> > I always read marxism as fundamentally being about the relationship of societies to the means of production in the context of an unfolding dialectical materialism.� The individual in this context does not so much develop his or her own understanding and orientation to the world; rather, the individual assumes a certain pre-determined role by adopting a ready made class consciousness, the content of which is dictated by class vanguard (ruler class), the party.� Even here, the party cadres do not attempt to create in free form fashion their own particular ideology, rather, the apply a pre-determined ideology--say marxism-leninism--to a set of facts and try to read the right conclusions as a fortune teller might with tarot cards or tea leaves.� After all, what is at play in history is not individuals, per se, but historical material forces--thesis, antithesis and synthesis, in which the individual only plays out his or her pre-determined class role.� The bourgeois factory owner is the thesis and plays out his or her role as personified capital, extracting surplus value from labor like an inhuman vampiric force, while his antithesis, the worker suffers the alienation of his or labor.� Eventually, the laborer realizes his or her condition, and plays his or her historical role by developing revolutionary class consciousness and so enters into the praxis--under the leadership of the party--in which role he violently seizes control of the means of production from the blood-sucking capitalist, as was pre-ordained by the unfolding of the dialectic of historical materialism.� And so, as Marx conceived it, the proletarian revolution was/is inevitable because the various actors have no choice but to play out the roles that the dialectical has foreordained for them.�� <BR><BR>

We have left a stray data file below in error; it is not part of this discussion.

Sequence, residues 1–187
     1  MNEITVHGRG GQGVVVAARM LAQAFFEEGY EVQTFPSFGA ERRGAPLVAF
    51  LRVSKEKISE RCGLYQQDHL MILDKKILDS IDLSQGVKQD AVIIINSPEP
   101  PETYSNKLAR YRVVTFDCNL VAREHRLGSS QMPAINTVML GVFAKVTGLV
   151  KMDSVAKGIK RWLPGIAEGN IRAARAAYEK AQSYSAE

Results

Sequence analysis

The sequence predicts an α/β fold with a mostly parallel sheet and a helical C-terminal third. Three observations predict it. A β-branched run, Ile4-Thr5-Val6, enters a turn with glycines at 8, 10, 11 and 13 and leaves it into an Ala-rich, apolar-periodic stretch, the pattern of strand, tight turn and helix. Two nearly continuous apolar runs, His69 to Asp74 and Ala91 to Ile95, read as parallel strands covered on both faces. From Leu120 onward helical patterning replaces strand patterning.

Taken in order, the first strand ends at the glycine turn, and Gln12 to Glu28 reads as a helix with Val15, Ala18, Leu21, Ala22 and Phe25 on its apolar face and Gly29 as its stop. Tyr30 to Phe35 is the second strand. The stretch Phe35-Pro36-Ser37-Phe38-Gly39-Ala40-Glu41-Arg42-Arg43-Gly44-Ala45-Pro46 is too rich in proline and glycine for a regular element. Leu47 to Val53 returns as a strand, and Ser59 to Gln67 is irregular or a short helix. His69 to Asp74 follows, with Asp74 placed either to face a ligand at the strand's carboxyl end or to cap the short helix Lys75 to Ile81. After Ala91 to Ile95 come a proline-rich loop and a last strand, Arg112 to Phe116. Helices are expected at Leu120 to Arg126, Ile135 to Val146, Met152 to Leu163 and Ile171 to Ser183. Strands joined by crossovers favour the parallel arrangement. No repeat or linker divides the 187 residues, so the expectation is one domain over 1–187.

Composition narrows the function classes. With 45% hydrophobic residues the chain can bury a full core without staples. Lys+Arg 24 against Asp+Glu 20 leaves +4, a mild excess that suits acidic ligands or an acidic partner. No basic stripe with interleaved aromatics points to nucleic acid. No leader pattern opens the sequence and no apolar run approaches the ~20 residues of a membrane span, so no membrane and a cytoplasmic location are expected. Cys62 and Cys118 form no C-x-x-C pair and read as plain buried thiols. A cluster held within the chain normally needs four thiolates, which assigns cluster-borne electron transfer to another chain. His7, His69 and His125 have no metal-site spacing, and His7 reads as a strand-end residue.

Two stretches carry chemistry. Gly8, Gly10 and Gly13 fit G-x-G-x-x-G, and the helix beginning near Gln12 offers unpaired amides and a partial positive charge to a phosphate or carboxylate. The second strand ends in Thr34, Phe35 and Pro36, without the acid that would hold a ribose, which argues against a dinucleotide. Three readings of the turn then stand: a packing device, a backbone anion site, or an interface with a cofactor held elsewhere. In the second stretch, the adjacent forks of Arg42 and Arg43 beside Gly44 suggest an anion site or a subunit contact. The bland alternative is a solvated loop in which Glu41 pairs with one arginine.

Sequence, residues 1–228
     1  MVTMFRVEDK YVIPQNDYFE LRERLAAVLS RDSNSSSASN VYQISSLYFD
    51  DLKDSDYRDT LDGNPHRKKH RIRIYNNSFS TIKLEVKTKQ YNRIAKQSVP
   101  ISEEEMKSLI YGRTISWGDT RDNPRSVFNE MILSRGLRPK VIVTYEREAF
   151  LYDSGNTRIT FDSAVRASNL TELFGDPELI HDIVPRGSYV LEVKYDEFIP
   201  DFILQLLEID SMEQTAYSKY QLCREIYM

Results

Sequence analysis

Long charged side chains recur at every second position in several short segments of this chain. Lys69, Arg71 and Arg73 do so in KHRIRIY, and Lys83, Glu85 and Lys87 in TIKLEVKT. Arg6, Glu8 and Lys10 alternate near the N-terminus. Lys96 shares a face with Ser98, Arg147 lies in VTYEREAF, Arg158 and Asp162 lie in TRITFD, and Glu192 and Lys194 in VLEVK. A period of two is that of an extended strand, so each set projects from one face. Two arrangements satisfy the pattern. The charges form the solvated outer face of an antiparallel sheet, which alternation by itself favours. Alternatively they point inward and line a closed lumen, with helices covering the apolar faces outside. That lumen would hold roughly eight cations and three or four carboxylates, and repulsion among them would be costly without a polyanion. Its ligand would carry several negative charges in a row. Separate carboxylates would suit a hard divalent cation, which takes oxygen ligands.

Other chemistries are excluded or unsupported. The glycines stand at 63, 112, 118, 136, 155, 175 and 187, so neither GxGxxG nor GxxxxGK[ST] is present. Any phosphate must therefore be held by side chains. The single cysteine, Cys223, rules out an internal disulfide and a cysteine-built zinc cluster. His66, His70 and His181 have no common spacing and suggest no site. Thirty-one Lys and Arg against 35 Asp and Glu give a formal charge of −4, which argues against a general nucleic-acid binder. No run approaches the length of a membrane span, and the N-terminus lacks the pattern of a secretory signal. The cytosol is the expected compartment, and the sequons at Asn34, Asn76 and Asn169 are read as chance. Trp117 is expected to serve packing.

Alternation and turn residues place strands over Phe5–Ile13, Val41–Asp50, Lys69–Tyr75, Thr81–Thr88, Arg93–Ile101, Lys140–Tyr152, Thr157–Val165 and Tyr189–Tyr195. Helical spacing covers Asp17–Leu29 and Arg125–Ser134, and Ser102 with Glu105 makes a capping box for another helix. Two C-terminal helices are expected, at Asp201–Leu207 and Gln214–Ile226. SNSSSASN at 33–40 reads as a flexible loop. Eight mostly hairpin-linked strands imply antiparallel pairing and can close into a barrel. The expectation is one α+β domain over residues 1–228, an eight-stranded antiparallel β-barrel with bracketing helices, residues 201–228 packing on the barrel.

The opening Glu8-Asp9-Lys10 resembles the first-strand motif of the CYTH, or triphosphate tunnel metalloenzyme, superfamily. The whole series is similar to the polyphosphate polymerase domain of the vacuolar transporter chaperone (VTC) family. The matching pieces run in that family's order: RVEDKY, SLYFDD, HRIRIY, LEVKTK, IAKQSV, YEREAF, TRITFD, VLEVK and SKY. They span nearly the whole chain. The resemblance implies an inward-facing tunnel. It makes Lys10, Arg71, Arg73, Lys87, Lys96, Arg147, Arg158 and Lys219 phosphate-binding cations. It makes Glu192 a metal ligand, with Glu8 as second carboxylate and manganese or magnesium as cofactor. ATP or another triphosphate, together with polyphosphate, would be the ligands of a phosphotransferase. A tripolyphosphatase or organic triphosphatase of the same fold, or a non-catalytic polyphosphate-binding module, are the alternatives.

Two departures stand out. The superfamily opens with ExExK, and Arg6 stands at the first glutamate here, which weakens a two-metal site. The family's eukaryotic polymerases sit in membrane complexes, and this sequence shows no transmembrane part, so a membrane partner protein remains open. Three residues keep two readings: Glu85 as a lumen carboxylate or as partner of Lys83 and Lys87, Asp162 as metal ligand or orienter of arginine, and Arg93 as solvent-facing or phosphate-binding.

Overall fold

> > <BR><BR>
        > > Of course, all of this terribly mistaken, for it does not take into consideration the real freedom of individuals to ad lib.� The capitalist decides not to act like a vampire and the worker decides not be behave like a revolutionary or to follow the dictates of the class vanguard in the form of the party. Indeed, instead of becoming the liberator of the workers, the party becomes their oppressor.� And so, before the marxist quite knows what has happened, the metaphysical machinery of the dialectic of historical materialism has gone haywire and marxism finds itself on the ash heap of history.�� <BR><BR>
        > > <BR><BR>
        > <BR>
        > <BR>
        > [Non-text portions of this message have been removed]<BR>
        > <BR>
        > </tt>
        >
        > <br>
        >
        >
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      • John Foster
        Seems to me that the term used by Marx, vanguard, was indicative of the front line troops in a military situation. Vanguard now is used not so much to denote
        Message 3 of 12 , Apr 5, 2002
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          Seems to me that the term used by Marx, vanguard, was indicative of the
          'front line' troops in a military situation. Vanguard now is used not so
          much to denote the front line, but rather to be used in a connotative sense,
          as in Vanguard Publishers.

          chao

          john foster

          PS. If you want to understand the sociology of Marx, then it would be
          recommended to read George Lukacs, who incidentally probably influenced
          Sartre while he was teaching or lecturing in France. I can supply many other
          references as well; however there is a definite convergence of thought,
          vis-a-vis French Existentialism, Cathololic theology, and the sociology of
          Marx (cf. Liberation Theology, Post-war Existential Marxism).



          ----- Original Message -----
          From: Christopher Bobo <cbobo@...>
          To: Sartre_yahoogr <Sartre@yahoogroups.com>
          Sent: Friday, April 05, 2002 8:14 AM
        • Christopher Bobo
          I think you need to read the passages more carefully. Marx clearly speaks of the General Council of the International Working s Men s Association (then the
          Message 4 of 12 , Apr 5, 2002